In 1517, he showed 3 portraits to Cardinal Louis of Aragon on his visit, one of which was of a Florentine lady which is believed to be the Mona Lisa.
14. The Mona Lisa became Royal French property
How the painting ended up in France, even though there is no absolute confirmation, appears to be logical. What happened afterward isn’t verifiable.
What is commonly believed is that Leonardo da Vinci’s pupil, Salaì, inherited the painting after his death and sold it to King Francis I. It then ended up in the Palace of Fontainebleau, one of the residences of the French monarchs.
King Francis, I wasn’t able to get a bargain, it’s been noted that he paid a stunning 12,000 Francs for the painting, which is the equivalent of almost $10 million today!
15. It ended up in the most amazing golden cage in the world
If you think that the castle above is special, then you better think again. When Louis XIV laid his eyes upon the Mona Lisa, he brought it to the most amazing palace of them all.
From the Palace of Fontainebleau, it was moved to the Palace of Versailles by King Louis XIV where it stayed until the French Revolution. After the fall of Louis XVI and Marie Antoinette, it was moved yet again.
16. Napoleon Bonaparte was captivated by “Madame Lisa”
When Napoleon launched his successful coup d’état which turned France into the “French Consulate” (and eventually into a dictatorship), he was pretty impressed with the Mona Lisa.
So much that he even ordered it to be hung on the wall of his bedroom in the Tuileries Palace in the center of Paris to “admire it” even at night.
17. A very remarkable love story enfolded for Napoleon
The Mona Lisa must have captivated Napoleon so much that he fell in love with a lady who had a striking resemblance to Lisa del Giocondo.
In fact, her name was Teresa Guadagni and believe it or not, was a descendant of the real Lisa! Could it be Napoleon specifically sought after this woman?
18. The Mona Lisa was moved to its current location
Eventually, Napoleon agreed to have the painting moved to the Louvre Museum, the place where the painting is still located at the moment.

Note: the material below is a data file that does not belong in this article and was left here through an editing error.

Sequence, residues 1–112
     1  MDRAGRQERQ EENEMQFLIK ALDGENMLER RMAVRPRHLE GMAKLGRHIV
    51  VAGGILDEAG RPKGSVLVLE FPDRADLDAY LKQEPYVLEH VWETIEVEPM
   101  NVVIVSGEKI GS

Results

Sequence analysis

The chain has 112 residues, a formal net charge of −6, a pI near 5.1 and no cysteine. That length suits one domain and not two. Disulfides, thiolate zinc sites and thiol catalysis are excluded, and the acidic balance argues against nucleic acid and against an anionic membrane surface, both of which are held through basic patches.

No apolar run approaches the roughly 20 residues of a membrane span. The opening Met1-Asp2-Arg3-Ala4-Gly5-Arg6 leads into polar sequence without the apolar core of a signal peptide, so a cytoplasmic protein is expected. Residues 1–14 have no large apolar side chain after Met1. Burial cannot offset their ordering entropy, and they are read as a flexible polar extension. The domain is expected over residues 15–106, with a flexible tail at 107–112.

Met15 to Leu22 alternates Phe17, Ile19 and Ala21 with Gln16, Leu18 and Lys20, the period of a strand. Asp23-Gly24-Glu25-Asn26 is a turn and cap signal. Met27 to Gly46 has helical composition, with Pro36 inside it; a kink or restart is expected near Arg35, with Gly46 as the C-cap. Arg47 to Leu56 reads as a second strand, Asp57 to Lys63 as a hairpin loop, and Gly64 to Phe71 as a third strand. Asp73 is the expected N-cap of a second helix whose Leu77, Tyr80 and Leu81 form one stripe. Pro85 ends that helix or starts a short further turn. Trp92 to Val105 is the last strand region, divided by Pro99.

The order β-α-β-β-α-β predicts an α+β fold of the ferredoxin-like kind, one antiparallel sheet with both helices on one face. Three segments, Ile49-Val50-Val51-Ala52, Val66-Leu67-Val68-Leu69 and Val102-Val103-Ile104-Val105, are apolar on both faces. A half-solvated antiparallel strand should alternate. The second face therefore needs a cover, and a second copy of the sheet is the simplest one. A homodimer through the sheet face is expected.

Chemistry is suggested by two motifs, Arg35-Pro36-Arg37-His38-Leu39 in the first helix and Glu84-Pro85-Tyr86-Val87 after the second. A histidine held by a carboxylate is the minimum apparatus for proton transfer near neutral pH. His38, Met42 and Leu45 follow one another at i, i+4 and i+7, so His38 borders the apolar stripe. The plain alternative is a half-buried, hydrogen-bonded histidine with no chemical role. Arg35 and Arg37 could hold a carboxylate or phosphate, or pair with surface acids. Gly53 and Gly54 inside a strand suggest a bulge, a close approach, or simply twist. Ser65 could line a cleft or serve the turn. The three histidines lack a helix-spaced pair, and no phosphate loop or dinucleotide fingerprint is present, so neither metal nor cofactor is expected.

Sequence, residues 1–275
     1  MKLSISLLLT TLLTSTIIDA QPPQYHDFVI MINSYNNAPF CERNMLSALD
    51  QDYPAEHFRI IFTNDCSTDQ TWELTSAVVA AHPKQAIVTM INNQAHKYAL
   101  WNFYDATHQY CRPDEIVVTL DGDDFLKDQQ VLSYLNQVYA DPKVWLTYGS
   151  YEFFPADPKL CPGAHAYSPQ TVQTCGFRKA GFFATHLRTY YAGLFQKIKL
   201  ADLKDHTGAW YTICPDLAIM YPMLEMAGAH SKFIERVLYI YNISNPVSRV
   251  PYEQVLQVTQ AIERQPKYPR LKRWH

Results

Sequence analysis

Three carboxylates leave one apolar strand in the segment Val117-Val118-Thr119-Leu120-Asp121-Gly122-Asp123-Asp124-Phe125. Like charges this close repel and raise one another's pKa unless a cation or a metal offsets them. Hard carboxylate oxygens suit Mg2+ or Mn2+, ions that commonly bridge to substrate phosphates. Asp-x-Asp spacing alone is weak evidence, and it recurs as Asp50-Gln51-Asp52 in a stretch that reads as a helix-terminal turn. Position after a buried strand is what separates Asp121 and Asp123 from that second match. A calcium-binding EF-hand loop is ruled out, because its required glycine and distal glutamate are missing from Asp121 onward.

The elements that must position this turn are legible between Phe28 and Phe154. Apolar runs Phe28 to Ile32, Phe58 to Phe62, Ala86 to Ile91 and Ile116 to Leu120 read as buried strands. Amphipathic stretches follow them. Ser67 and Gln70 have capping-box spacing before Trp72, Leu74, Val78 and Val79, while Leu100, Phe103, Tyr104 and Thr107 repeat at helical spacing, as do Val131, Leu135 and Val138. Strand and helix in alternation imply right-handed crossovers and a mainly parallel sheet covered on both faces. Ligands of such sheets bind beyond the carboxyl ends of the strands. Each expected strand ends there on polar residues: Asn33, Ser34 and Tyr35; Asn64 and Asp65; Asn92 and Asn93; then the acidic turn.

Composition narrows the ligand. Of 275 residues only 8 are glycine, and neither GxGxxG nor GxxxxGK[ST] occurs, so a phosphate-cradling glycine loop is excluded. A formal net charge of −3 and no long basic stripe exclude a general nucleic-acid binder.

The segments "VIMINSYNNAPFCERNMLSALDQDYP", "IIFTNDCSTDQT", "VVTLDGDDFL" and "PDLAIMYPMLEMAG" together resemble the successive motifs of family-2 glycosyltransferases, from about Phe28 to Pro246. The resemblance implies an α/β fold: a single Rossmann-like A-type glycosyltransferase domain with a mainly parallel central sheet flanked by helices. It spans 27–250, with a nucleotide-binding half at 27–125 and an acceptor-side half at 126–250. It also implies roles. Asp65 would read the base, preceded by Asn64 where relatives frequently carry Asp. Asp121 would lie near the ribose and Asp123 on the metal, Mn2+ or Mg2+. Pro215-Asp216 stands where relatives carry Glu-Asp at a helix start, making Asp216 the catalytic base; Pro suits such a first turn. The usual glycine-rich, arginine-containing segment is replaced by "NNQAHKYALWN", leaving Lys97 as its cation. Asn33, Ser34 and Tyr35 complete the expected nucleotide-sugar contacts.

This means that since 1804, the Mona Lisa went on permanent display in the Louvre Museum.
19. The Mona Lisa was briefly moved in 1870
The Mona Lisa was on public view for the first time since its creation, and it was instantly one of the most popular attractions at the Louvre Museum for the French art intelligentsia. The mysterious smile and illusionary setting gave the romantics of the time enough questions to ponder about.
That’s why it was of utmost importance that the painting remained well-protected, especially in times of war. When the Franco-Prussian War broke out in 1870, it was therefore moved from the Louvre to the “Brest Arsenal,” a heavily protected military facility near the city of Brest.
It returned to the Louvre Museum at the end of the conflict in 1871.
20. The Mona Lisa was stolen in 1911
It was a wonderful summer morning that August 21, 1911. The beginning of a new week, a bit hungover, but ready to get things rolling.
It was a great surprise to French painter Louis Béroud that the Mona Lisa wasn’t in its usual location, so without being instantly alarmed, he wondered where the photographs of it were being taken.
Amazingly enough, there were indeed photographs being taken on the roof of the Louvre as cameras in that time worked better outside. Feeling a bit more at ease now, he ordered a guard to ask the photographers when the Mona Lisa would be returned.
Then the message came. “They don’t have the Mona Lisa!” The conclusion was made a few seconds later: “It’s been stolen!“
21. The security of the Louvre was abysmal
At the time in the early 20th century, the security at the Louvre was simply a joke. There were merely 150 guards to protect over 250,000 pieces of art.
On top of that, none of the artworks were protected inside the museum as well. they weren’t bolted to the walls and the Mona Lisa, for example, hung on the wall with 4 simple hooks.
To expose the weak security system, one French reporter spent the night in a sarcophagus in the Louvre as a way to prove this fact.
21. Pablo Picasso was a suspect
A young man came forward as the thief just a week after the Mona Lisa had been stolen. He was able to prove he was able to steal pieces of art from the Louvre and mentioned he sold them to a “painter-friend.”